1

I have a complex string of this form:

inp="key1 =   what' ever the value key2 = the value Nb.2   key3= \"last value\""

I need to get the first key associated with its first value. I want to use bash regex to extract the key, the value, and what remains from the string:

rkeyval="[[:space:]]*([_[:alnum:]]*?)[[:space:]]*=[[:space:]]*((.*?)[[:space:]]+([_[:alnum:]]+?[[:space:]]*=[[:space:]]*.*))"

if [[ $inp =~ $rkeyval ]]; then

  key=${BASH_REMATCH[1]}
  val=${BASH_REMATCH[3]}
  left=${BASH_REMATCH[4]}

  for i in $(seq 0 $(( ${#BASH_REMATCH[*]}-1 ))); do  
    echo -e "$i: \"${BASH_REMATCH[$i]}\""; 
  done; 
else
  echo "no match"
fi

This does not work. On my Mac with Bash 4.4, there is no match:

no match

On my Red Hat Linux, I get the following output:

0: "key1 =   what' ever the value key2 = the value Nb.2   key3= "last value""
1: "key1"
2: "what' ever the value key2 = the value Nb.2   key3= "last value""
3: "what' ever the value key2 = the value Nb.2  "
4: "key3= "last value""

I expect the following output:

0: "key1 =   what' ever the value key2 = the value Nb.2   key3= "last value""
1: "key1"
2: "what' ever the value key2 = the value Nb.2   key3= "last value""
3: "what' ever the value"
4: "key3= "last value""

In other words, the key would be the second matching group, and the value the third.

This expression works on an online PHP regexp tester.

I want this to work in any Unix machine having an updated version of Bash.

I don't know why this does not work, and why the result differ from one platform to another, even though my regex respects the Posix convention (or does it?). What am I doing wrong here?

  • If you "want this to work in any unix machine having an updated version of bash" then you don't want it to work on a Mac, which has Bash from over a decade ago. – Michael Homer Jan 9 '17 at 20:09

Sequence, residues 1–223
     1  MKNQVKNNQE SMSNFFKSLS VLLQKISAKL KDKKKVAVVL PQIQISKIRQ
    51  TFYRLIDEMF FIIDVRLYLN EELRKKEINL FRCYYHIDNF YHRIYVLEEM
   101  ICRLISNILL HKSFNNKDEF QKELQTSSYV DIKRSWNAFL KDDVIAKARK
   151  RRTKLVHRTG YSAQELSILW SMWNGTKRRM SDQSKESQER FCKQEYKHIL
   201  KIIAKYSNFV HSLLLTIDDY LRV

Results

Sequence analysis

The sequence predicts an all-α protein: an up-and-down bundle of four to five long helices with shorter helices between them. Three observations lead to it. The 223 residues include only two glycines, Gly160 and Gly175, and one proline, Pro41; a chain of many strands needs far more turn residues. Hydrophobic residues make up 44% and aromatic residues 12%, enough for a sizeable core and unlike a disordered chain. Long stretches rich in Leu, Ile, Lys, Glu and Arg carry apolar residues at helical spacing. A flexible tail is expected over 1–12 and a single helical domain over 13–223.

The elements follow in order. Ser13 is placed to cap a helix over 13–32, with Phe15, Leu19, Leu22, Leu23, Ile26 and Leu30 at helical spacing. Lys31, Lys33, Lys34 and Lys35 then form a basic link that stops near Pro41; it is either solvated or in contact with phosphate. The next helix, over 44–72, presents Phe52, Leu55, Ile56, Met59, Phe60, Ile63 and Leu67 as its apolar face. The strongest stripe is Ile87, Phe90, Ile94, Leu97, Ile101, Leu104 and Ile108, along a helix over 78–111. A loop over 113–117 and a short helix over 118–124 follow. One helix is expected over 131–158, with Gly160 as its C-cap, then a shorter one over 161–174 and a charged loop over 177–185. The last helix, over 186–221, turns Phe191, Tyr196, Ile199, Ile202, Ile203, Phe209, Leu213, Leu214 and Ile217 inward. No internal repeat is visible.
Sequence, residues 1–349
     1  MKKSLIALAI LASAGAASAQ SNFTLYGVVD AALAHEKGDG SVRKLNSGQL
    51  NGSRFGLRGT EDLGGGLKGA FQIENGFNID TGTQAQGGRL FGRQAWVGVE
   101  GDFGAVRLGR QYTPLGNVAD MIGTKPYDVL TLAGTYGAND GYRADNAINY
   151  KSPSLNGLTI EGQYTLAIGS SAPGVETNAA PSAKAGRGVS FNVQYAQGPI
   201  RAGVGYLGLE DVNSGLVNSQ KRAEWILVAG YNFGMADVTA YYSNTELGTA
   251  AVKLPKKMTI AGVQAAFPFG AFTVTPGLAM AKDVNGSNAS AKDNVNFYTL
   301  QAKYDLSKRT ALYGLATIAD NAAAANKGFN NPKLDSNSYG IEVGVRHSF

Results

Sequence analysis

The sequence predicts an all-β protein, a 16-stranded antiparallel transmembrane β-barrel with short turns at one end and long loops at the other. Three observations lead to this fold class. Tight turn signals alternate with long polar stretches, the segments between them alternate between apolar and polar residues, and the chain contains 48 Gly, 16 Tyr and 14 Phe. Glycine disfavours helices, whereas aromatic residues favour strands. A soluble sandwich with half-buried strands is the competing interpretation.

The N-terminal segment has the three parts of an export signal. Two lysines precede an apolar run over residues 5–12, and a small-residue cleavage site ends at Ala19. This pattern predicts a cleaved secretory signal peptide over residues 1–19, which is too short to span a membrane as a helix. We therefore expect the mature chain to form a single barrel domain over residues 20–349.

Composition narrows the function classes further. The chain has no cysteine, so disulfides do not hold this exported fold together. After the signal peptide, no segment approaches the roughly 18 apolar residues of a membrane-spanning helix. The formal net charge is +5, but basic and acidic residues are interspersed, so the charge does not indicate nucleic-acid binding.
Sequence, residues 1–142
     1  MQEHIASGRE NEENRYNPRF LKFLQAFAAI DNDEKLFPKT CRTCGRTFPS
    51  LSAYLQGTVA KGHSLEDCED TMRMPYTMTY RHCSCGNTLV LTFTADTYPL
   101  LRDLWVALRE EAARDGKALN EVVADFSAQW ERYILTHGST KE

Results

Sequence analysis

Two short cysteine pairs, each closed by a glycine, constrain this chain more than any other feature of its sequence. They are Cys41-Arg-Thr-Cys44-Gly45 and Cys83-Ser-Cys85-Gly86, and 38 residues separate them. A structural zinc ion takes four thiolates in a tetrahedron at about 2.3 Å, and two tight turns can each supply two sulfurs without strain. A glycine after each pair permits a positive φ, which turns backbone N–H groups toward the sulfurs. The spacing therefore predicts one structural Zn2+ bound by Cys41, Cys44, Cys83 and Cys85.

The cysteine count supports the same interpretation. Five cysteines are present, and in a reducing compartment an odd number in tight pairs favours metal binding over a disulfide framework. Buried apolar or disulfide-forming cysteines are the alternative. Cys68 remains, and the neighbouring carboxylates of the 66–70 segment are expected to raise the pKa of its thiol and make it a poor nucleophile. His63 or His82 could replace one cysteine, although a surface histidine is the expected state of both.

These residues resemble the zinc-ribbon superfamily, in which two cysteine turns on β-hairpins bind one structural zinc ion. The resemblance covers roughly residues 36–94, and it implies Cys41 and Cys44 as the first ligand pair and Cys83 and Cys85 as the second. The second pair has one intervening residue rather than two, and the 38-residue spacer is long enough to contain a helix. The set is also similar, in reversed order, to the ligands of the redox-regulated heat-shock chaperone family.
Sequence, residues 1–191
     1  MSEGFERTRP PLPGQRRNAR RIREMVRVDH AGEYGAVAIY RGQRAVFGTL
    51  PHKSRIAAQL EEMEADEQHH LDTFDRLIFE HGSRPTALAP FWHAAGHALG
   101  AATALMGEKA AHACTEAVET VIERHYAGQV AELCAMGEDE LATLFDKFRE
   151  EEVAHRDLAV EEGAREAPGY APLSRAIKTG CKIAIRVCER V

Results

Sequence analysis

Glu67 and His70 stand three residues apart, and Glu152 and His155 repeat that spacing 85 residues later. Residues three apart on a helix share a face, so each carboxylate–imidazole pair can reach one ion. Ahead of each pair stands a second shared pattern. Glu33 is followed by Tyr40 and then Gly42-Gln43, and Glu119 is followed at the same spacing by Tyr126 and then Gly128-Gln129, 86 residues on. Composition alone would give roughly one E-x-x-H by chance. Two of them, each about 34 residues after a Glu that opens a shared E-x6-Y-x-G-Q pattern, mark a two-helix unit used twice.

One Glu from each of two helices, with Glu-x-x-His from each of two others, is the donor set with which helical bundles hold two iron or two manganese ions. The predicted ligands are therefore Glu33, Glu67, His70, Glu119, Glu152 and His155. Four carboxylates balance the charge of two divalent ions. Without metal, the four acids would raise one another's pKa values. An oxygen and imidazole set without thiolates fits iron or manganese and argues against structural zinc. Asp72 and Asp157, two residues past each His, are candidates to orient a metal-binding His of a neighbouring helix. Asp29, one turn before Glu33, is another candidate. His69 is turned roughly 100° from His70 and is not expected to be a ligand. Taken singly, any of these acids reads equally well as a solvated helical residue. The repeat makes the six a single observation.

• There is a bit of truth in that statement. However bash supports regex since version 3.something. My mac has bash 4.4.0. Bash regex should work. If really not, at least let's find a general answer for linux! – kaligne Jan 9 '17 at 21:35
1

An asterisk is already an optional count (as it could be zero characters). There is no need to add an ? to it.

So, Will it be ok if each parenthesis will capture a key or a value?:

s='[[:space:]]*'        # spaces
n='[_[:alnum:]]+'       # a valid name (limited by spaces)
e="${s}=${s}"           # an equal sign (=).

rkeyval="${s}(${n})${e}([^=]*) (${n})${e}([^=]*) (${n})${e}(.*)"
#            1^^^^^    2^^^^^^ 3^^^^^    4^^^^^^ 5^^^^^    6^^^
echo "$rkeyval"

That will capture like this:

if [[ $inp =~ $rkeyval ]]; then

    i=0
    while ((i<${#BASH_REMATCH[@]})); do
        printf '%s: "%s"\n' "$((i))" "${BASH_REMATCH[i++]}";
    done
else
    echo "no match"
fi

Printing:

0: "key1 =   what' ever the value key2 = the value Nb.2   key3= "last value""
1: "key1"
2: "what' ever the value"
3: "key2"
4: "the value Nb.2  "
5: "key3"
6: ""last value""

And the values you want (if I understand your code correctly) could be approximated by (edit to get a perfect match):

key="${BASH_REMATCH[1]}"
val="${BASH_REMATCH[@]:2:3}"
left="${BASH_REMATCH[@]:5:2}"
2

POSIX does not define *? for EREs, which Bash uses, instead specifying that:

The behavior of multiple adjacent duplication symbols ( '+', '*', '?', and intervals) produces undefined results.

Bash uses the system regcomp/regexec for regular-expression matching. Apple's libc presumably does not implement the behaviour you want for *?.

There is no standard way to recover non-greedy matching semantics from greedy, though in this case at least some of them are unnecessary (the first [_[:alnum:]]*?, for example). Otherwise, you need to transform the expression to match something else or mutate the data in advance (and probably afterwards) to get the effect.

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